Online music magazine based in Copenhagen, Denmark

Monthly archive

February 2017

LIVE REVIEW: Lambchop, Lille Vega, 27.02.17

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Lambchop’s FLOTUS has been acclaimed as a daring reinvention, and indeed few of us would have expected Kurt Wagner’s outfit to stray from their left-field brand of Americana into a world of autotuned vocals and, yes, even the odd trap beat. But this narrative of a reinvented band misses the fact that the band have always traced a unique and at times bizarre path. Find me another alt-country band that would, say, choose to release a concept album centred around the Nixon presidency.

The iciness of these new electronic elements lend an air of fragility, a tension that is very evident in the room as the band remain remote and quiet at the back of the stage. The vocal effects act as a mask that might allow Wagner to both indulge and play with a set of lyrics more private than usual. Slowly the thaw sets in, and soon enough the piano player is cracking ever more weird and confusing jokes. It occurs to me that Kurt Wagner may have just decided to stay silent in order to coax out of him ever more awkward sex stories.

Drummer Andy Stack, of Wye Oak, looks on in amused confusion, and though his contributions are limited, they are the most notable instance of Lambchop’s “new sound” beyond Wagner’s vocals. “Directions to the Can” in particular stands out as one of the grooviest tracks Lambchop have produced in a while, aided by a subtly filthy hip-hop-inspired bass line.

By the end of the night if Wagner is getting close to talkative, and his use of the vocal effects switches from understated to enthusiastically experimental. They announce their last song as a cover, and as people whoop at the first couple of chords Wagner laughs out loud and calls them out: “this could be any song.” In fact it is a very Lambchop-ified cover of Prince’s “When You Were Mine”.

LIVE REVIEW: Future Islands, Jazzhouse, 26.02.17

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Future Islands

Photos: Morten Aagaard Krogh (mortenkrogh.com)

It has been over a year since Future Islands last played a gig in Europe, which, together with a shortly to be released album and the last-minute announcement of this show, adds a heightened layer of excitement to the four-piece’s re-emergence in Copenhagen. This gap makes itself felt in the initial hiccups with the keyboards, but this ends up providing frontman Sam Herring the opportunity to begin his intense love-in with the audience.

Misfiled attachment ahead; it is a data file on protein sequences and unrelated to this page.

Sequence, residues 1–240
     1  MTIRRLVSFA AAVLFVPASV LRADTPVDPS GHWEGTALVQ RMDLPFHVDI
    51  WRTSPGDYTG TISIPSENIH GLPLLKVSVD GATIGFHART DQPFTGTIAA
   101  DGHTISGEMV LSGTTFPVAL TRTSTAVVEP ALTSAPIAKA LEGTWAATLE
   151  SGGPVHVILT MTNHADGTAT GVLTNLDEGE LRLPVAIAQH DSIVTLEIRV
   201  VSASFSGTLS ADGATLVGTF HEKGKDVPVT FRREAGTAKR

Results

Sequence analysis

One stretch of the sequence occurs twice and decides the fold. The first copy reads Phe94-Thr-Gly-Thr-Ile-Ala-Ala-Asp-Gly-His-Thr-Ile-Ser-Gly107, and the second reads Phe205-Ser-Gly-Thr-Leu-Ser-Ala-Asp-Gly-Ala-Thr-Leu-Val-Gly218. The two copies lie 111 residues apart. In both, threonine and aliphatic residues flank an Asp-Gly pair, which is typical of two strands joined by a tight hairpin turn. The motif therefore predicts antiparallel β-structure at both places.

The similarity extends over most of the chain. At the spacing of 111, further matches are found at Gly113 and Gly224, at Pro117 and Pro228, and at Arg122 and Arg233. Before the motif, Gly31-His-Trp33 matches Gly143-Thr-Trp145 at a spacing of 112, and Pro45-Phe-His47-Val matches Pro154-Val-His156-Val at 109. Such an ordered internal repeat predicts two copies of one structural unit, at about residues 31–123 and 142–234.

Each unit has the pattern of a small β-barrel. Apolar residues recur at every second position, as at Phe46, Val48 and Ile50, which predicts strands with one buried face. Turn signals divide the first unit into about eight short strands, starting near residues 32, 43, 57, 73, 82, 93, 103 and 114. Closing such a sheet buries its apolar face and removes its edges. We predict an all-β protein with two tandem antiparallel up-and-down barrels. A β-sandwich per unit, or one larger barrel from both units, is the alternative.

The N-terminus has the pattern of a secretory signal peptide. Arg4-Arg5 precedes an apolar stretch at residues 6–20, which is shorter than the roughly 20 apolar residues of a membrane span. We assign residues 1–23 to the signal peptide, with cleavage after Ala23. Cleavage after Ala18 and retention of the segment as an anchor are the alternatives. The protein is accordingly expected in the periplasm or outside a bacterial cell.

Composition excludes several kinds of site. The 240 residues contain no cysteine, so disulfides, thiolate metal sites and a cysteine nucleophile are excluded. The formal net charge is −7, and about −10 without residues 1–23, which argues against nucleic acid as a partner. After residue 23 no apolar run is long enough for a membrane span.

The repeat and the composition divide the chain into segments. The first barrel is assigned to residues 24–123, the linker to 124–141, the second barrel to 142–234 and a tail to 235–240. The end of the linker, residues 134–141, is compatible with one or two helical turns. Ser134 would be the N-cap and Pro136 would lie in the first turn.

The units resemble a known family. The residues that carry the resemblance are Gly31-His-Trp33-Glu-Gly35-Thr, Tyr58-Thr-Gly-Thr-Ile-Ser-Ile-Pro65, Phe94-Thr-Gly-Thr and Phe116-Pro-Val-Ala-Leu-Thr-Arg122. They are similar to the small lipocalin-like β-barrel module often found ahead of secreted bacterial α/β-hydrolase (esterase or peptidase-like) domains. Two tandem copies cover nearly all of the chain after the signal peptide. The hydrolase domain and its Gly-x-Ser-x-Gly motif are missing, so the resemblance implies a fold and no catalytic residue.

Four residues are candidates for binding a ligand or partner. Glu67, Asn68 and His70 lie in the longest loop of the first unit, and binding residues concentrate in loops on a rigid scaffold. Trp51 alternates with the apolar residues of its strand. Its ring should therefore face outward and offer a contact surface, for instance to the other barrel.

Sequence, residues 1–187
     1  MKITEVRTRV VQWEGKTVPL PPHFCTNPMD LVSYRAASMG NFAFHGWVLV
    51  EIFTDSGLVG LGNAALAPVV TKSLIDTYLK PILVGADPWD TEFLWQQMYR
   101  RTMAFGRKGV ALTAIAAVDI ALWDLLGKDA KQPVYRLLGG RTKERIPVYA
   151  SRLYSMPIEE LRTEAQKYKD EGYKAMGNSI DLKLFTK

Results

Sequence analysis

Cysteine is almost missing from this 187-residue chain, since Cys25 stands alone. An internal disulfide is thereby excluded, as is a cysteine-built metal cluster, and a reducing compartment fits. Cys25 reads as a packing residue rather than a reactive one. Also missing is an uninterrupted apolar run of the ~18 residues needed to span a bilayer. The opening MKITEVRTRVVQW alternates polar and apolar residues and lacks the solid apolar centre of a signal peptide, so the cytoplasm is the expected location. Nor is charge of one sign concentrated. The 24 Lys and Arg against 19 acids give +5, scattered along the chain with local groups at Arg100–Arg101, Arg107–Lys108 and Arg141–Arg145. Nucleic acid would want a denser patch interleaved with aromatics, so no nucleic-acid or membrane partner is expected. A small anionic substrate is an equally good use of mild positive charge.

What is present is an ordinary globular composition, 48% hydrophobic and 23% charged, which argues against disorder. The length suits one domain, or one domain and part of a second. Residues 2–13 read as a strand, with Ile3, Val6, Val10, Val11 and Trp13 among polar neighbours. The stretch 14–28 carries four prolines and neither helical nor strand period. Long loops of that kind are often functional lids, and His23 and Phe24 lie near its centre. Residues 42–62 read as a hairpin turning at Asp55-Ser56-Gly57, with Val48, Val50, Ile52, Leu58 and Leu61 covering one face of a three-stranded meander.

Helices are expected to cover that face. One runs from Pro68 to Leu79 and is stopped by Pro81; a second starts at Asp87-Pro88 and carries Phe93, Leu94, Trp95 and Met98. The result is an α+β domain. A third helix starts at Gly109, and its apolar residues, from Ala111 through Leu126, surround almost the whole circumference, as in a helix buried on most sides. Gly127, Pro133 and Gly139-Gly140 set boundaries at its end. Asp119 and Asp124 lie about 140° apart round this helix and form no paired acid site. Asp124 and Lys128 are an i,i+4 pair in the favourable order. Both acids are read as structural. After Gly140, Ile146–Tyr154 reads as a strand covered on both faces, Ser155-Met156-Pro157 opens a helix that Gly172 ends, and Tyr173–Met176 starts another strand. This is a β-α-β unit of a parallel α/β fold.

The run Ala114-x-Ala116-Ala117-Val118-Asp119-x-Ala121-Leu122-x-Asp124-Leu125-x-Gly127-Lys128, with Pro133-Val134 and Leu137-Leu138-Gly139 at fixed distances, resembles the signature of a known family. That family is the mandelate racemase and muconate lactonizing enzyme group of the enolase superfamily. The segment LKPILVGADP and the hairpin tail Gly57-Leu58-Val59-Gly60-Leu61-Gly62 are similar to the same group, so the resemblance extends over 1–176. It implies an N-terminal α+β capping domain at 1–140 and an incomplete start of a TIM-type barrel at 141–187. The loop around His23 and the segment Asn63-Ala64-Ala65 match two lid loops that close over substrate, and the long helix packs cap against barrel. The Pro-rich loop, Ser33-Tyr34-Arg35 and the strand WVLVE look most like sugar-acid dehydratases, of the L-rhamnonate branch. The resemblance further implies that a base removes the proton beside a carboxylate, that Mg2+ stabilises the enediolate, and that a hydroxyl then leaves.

There are few performers who are quite as obviously thrilled to be onstage as Herring. Arguably it was his idiosyncratic dance moves during their Letterman performance that attracted enough consistent attention onto the band to propel them into wide recognition, but there is more to it than an amusing dad dance. Seemingly every moment on stage is an opportunity for him to stare intensely into the eyes of every single audience member in the first three rows, point and grab for emphasis, usher them in.

Future Islands

Last time I saw them, Future Islands were vague specks on a stage a football field away from me. With that level of distance it’s easy to be dismissive of their more mawkish lyrical tendencies, but when the man is sweating, crying and singing a foot away from your face, it’s hard not to get swept up in the drama.

The new material shows that, even when inevitably many of Future Islands’ songs end up being about “the road”, they haven’t lost any of their intense, campy, melodramatic joyfulness. Until the album comes out in a few weeks’ time I won’t be able to say exactly which song made me laugh out loud, but be prepared for an instance of rather wonderful pseudo-reggae synth hilarity.

 

PHOTOS: Future Islands, Jazzhouse, 26.02.2017

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Future Islands